Wednesday, 30 May 2012
Celebrating the Diamond Jubilee with Doncaster Butterscotch Cake
There’s something festive going on this week. Every shop is decked out with bunting for the Diamond Jubilee of HR Queen Elizabeth II. In my home town of Doncaster, visitors will enjoy a special treat based on the famous Doncaster Royal Butterscotch. Together with Visit Doncaster and Doncaster College and the support of Sainsburys & Taylors of Harrogate, students will be baking and serving up Butterscotch desserts, including Grandma Abson's recipe for Butterscotch and Orange Cake.
Doncaster Butterscotch & Orange Cake
5 oz (175g) butter
5 oz (175g) soft brown sugar
5 oz (175g) self raising flour (sieved)
Pinch of salt
Grated rind of 1 large orange
Strained juice of ½ orange
Preheat the oven to 180°C, Mark 4, 350F. Line the bases of 2 x 20cm sandwich tins with non-stick baking paper. Cream the butter and sugar together until pale and fluffy. Beat the eggs and add a little at a time, adding a dessertspoonful of flour with each egg. Fold in the remaining flour, the orange rind and the orange juice. Divide the mixture between the 2 cake tins and bake for about 25 minutes until they start to shrink from the sides and a skewer inserted into the centre comes away clean. Place on a wire rack for 10 minutes, then turn the cakes out onto the rack and leave until cool.
Filling and topping
3 oz (75g) butter
3 oz (75g) demerara sugar
2 oz (50g) flour (or cornflour)
4 fl oz (100ml) milk
“Melt the butter and sugar in a pan (preferably non stick) and stir over a low heat for 5 minutes until the sugar has dissolved. Stir in the flour a little at a time, adding the milk alternately. Stir well, using a (non stick) whisk. Allow to cool slightly. Smear the top of the cake very lightly with a small amount of the filling. Cover the other cake with the filling. Then place the first cake on the top. Sprinkle the butterscotch chips over the top. (They should stick to the cake). Finally, dust the top with icing sugar.”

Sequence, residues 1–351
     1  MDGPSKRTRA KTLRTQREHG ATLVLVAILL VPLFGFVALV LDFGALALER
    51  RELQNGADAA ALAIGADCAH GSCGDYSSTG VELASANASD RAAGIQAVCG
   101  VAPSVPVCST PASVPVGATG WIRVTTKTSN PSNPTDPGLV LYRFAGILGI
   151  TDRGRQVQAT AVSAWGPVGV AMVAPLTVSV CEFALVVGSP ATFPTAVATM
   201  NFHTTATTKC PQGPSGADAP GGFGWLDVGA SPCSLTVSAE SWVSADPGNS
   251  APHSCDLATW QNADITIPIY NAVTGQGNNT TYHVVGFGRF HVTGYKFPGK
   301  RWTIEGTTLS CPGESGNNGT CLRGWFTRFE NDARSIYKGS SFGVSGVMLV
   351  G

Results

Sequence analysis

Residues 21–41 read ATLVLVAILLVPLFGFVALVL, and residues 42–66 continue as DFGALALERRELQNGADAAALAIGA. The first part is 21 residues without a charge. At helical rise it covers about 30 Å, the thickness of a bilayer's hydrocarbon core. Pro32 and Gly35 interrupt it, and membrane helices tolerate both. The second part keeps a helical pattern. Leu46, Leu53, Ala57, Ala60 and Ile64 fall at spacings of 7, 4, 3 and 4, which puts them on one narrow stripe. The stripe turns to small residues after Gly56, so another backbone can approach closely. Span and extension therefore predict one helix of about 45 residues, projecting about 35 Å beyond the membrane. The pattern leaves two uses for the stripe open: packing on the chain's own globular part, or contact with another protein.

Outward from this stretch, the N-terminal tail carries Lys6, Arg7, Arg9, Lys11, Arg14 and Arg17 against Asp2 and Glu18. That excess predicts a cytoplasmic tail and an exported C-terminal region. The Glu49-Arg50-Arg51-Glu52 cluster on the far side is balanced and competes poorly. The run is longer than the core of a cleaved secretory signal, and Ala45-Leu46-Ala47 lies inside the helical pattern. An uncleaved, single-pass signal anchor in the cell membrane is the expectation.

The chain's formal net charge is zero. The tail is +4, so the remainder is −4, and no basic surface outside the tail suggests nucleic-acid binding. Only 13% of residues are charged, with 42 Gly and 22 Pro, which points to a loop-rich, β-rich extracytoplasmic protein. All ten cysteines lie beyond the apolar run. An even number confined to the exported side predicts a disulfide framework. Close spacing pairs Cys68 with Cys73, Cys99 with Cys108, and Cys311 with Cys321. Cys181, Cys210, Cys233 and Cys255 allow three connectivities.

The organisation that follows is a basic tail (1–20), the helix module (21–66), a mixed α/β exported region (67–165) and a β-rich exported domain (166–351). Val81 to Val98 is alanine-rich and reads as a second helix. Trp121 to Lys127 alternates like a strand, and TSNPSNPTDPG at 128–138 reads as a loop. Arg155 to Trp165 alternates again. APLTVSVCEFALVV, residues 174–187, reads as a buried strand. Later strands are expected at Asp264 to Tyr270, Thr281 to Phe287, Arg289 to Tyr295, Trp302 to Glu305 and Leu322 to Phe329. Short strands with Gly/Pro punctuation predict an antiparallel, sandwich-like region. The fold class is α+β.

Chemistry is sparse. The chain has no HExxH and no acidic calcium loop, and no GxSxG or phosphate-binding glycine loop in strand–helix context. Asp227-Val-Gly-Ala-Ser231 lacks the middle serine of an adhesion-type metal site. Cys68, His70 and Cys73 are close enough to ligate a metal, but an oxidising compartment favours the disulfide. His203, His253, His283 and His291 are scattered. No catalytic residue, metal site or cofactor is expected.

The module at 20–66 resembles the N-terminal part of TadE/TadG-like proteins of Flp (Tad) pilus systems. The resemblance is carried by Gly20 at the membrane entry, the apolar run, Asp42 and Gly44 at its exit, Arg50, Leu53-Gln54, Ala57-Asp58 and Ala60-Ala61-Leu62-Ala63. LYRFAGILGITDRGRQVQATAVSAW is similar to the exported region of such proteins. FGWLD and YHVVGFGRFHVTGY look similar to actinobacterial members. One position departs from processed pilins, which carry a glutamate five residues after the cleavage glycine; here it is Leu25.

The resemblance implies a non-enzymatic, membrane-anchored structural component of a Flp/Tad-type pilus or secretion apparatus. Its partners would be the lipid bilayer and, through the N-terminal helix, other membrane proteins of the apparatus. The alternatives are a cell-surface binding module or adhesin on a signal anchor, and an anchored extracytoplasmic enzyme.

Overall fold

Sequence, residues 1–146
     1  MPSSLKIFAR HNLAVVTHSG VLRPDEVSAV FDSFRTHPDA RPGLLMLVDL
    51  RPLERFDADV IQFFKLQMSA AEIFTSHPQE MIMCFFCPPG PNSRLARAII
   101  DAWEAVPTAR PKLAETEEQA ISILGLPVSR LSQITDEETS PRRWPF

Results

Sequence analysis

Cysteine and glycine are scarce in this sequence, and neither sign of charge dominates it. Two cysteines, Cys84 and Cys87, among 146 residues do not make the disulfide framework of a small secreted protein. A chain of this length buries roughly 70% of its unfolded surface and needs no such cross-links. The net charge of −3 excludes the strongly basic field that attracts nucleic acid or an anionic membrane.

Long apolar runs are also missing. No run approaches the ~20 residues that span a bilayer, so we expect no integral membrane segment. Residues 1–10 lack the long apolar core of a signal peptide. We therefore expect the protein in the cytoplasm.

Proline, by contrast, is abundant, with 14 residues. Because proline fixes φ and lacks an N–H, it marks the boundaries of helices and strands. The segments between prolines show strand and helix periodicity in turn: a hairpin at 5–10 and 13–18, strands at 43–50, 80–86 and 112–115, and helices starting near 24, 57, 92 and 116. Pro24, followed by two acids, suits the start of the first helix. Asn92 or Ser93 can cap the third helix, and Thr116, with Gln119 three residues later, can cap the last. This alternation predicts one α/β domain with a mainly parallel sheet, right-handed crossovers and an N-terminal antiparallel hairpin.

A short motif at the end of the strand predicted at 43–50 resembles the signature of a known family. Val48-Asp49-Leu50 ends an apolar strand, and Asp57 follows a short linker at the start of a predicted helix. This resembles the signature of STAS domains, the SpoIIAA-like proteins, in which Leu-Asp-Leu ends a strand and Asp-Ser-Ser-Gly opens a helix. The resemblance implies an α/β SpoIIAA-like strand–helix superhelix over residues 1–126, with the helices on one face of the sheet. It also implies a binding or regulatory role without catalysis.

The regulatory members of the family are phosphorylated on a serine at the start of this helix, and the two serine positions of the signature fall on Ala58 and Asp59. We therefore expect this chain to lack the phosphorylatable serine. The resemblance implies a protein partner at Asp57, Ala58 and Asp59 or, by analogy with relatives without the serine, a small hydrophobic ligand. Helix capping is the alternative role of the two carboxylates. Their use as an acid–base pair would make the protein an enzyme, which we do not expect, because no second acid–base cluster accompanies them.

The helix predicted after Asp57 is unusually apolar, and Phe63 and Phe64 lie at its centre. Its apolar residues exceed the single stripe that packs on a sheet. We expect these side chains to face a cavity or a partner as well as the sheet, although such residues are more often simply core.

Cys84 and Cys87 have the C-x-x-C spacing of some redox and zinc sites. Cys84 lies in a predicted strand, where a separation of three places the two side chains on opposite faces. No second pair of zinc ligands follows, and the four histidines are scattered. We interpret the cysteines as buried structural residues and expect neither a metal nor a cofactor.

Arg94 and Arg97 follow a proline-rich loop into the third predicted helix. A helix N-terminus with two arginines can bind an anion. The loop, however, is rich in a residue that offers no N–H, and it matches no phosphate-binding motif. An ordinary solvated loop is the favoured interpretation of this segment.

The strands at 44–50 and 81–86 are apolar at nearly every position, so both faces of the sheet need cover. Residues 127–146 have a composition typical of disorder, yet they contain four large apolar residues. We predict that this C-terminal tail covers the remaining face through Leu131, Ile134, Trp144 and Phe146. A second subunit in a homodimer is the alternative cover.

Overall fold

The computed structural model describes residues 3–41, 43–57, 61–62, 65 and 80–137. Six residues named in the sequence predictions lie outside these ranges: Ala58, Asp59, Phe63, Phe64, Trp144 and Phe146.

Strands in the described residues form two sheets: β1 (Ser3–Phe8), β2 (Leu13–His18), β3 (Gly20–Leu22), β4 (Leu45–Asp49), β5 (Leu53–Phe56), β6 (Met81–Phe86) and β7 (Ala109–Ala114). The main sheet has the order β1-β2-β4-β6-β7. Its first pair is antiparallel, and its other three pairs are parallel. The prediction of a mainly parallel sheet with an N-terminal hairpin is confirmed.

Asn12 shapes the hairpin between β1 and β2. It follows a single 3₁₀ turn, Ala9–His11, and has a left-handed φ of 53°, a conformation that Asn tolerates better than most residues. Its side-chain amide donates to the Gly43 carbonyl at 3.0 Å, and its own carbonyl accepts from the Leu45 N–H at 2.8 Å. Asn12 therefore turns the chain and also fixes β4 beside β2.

Grandma’s 3 tips for a perfect sponge cake :
1. Have all the ingredients at room temperature before mixing.
2. Make sure the butter is soft before adding the sugar.
3. The mixture should be a ‘dropping’ consistency so it falls off the spoon.
What is Butterscotch?
Originally used as a treatment for invalids, Butterscotch is made from butter and brown sugar. It’s similar to toffee but is cooked to a ‘soft’ crack rather than a ‘hard’ crack’ and has become very popular in America for cake fillings. The original Royal Doncaster Butterscotch was by appointment to the Royal Household so provides a fitting local tribute to celebrate the Queen’s Diamond Jubilee.
60 years ago, tea was rationed till 1952 and sugar till 1953, so it’s not hard to see why many of Grandma’s recipes use less sugar. In 1953 when the coronation took place, sugar and butter rations were doubled for a short while so people could enjoy a Coronation bake. All food rationing ended in July 1954.
How are you celebrating the Diamond Jubilee? Have you got a celebration recipe?